The annual Draconid meteor shower peaks on Wednesday, Oct. 7, but don’t get your hopes up for a spectacular sky show.
Even at their peak — which, this year, occurs just after nightfall on Wednesday evening — the Draconids are usually modest, generating just a few meteors per hour. The waning gibbous moon, with its face about 75% illuminated, will wash out all but the brightest meteors.
The shower, which is typically active from Oct. 6 to Oct. 10 every year, occasionally puts on an incredible display. In 1933, for example, skywatchers in Europe saw up to 500 Draconids per minute, according to Space.com skywatching columnist Joe Rao. And observers throughout the Western United States saw thousands of Draconids per hour at the shower’s peak in 1946, he added.
The Draconids occur when Earth plows through the stream of debris shed over the eons by Comet 21P/Giacobini-Zinner. Dramatic outbursts like those of 1933 and 1946 — and lesser ones in 1926, 1952, 1985, 1998 and 2011 — seem “to occur only when the Earth passes just inside Comet Giacobini-Zinner’s orbit shortly after the comet itself has gone by,” Rao wrote.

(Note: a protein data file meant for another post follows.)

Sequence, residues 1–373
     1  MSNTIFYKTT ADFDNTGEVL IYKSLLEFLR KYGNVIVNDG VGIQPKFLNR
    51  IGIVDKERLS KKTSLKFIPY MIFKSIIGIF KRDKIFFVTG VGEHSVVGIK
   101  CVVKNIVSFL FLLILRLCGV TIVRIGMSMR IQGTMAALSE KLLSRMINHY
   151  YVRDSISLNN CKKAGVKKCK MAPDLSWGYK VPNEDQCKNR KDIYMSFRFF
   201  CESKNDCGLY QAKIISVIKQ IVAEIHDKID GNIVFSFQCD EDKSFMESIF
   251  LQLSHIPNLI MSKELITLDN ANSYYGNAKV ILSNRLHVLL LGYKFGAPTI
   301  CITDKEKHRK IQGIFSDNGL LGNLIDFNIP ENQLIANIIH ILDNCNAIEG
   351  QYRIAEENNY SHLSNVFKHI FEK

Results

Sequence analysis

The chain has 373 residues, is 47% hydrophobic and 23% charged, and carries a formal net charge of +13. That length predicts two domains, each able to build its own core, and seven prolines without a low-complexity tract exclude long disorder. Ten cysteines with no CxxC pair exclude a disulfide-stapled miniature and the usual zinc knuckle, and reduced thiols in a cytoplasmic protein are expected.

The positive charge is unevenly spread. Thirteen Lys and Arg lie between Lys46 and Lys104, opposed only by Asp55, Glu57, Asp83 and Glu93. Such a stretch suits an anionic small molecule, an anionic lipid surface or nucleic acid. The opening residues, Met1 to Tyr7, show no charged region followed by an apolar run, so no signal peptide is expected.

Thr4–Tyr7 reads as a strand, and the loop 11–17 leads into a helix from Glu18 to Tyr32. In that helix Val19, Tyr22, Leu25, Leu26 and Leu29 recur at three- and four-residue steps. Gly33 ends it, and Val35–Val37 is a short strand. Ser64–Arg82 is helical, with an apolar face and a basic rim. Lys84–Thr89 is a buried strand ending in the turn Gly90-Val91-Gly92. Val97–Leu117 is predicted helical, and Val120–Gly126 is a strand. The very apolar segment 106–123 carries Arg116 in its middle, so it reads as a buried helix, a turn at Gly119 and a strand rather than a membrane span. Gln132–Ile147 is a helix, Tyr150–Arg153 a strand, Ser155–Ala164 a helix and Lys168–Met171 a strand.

Experts aren’t predicting that such a close pass will happen this year. So, again: Don’t expect a dazzling Draconid storm.
The Draconids “are an all or nothing shower,” Cooke told Space.com. “They are rich in faint meteors if they appear.”
Most meteor showers are best viewed in the early morning hours. But to maximize your Draconid experience, start observing in the evening this weekend, as soon as it gets dark.
That’s because the constellation Draco, the dragon — the shower’s “radiant,” or point from which the meteors appear to radiate — is highest in the sky shortly after nightfall.